History of the energy label
The first Energy Labelling Framework Directive was adopted in the EU in 1992 and refrigerators were the first appliances to be covered by the Energy Labelling Regulation.
The old legislation has been replaced by the new framework directive 2010/30/EU, and from 2011 onwards, the old labels for individual products have been continuously renewed. From then on, the labels became language-neutral, with pictograms to help their interpretation. The highest energy class was A+++.
2021: The energy label has been renewed!
As a next step, the energy label, the color information label on some large household appliances, has been renewed again from March 1st 2021. This change became necessary because, thanks to manufacturer developments and legal requirements, the energy classes previously in force were “outgrown”: although the label had several energy classes from red (least energy efficient) to dark green (most energy efficient), almost all appliances were in the top 2-3 classes, i.e. A+, A++ and A+++. Consequently, it has less and less fulfilled the role it was intended to play: i.e. to help consumers distinguish between the appliances available on the market.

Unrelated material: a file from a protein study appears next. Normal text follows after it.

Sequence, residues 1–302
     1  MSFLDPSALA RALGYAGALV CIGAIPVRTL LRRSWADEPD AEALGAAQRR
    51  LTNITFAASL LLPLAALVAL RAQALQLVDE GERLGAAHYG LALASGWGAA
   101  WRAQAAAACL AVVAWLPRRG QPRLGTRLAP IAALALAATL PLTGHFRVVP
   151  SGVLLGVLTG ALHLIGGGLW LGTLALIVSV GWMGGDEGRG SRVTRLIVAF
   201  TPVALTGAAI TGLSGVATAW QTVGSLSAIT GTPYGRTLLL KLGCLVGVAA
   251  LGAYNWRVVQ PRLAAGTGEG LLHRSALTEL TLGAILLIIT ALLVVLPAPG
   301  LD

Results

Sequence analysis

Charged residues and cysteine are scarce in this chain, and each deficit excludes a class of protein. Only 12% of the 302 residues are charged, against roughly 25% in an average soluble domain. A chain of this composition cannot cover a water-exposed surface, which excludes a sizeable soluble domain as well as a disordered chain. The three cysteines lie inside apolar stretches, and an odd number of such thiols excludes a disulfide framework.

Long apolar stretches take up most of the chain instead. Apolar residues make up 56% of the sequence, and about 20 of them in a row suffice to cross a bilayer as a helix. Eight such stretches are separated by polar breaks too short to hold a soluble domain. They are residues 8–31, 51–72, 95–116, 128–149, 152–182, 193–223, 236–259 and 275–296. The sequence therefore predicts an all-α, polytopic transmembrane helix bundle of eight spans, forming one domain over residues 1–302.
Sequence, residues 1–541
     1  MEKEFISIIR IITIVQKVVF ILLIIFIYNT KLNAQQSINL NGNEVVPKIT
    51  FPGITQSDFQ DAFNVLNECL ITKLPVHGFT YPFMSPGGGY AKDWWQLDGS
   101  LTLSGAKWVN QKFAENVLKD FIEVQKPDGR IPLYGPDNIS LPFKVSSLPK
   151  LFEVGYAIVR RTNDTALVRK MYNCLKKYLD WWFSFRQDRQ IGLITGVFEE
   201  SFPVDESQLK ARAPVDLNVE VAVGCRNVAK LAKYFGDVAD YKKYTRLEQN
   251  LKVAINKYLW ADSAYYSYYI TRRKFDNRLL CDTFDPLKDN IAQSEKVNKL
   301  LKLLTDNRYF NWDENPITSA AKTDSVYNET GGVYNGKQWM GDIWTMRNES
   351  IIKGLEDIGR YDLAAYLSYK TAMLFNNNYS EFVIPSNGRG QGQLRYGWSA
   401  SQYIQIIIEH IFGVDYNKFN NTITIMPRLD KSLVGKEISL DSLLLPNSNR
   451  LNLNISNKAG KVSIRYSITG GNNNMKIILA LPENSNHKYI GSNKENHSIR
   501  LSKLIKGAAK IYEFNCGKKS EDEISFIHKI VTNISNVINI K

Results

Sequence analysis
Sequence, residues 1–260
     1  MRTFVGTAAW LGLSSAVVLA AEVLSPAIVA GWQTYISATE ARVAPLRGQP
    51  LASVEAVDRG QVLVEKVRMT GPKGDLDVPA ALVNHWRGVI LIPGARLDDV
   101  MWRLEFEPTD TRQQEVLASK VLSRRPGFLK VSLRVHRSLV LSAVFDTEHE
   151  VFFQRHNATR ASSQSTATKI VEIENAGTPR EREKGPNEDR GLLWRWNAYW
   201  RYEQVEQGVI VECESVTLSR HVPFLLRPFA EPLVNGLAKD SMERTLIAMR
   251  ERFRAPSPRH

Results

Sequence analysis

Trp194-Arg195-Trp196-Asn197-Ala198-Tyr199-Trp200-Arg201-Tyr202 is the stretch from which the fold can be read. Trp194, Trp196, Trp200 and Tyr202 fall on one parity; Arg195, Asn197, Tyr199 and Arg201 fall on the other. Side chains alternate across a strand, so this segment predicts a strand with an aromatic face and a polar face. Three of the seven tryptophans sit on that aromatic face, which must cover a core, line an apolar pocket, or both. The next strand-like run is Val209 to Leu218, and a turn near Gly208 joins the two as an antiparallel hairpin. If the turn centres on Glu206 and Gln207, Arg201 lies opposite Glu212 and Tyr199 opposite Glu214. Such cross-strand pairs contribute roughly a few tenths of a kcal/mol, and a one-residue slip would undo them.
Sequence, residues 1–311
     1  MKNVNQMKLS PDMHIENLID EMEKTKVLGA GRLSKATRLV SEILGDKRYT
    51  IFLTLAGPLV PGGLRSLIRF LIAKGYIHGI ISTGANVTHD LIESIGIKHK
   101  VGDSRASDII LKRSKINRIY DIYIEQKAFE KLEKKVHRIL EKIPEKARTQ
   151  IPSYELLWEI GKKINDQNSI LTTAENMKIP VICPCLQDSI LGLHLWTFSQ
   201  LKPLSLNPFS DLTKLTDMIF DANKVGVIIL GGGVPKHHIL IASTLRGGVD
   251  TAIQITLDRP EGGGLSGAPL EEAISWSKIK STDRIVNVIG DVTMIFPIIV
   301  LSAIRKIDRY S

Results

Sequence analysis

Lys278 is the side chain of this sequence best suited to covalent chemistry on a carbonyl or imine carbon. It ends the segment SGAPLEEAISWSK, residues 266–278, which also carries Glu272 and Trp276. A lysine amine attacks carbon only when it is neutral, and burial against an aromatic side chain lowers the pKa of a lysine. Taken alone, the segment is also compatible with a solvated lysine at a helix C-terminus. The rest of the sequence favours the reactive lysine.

What is the energy label good for?
Besides providing information to consumers, the energy label is also a driver for manufacturers’ improvements and energy savings: the EU expects the new regulation to save 38TWh of energy per year by 2030. This annual saving is just equivalent to Hungary’s annual energy consumption.
The regulation is tightening up: the EU framework regulation replacing the previous directive (Regulation 2017/1369 of the European Parliament and of the Council) and the regulations for certain appliances adopted on the basis of this (see bottom of page) will set out the future rules.
On which appliances will we first see the new labels?
Under the new regulation, the energy labels of the following appliances and devices have been renewed as a first step:
• refrigerators and freezers (including wine coolers),
• washing machines and washer-dryers,
• televisions, monitors and other electronic displays, and
• bulbs (from 1 September 2021).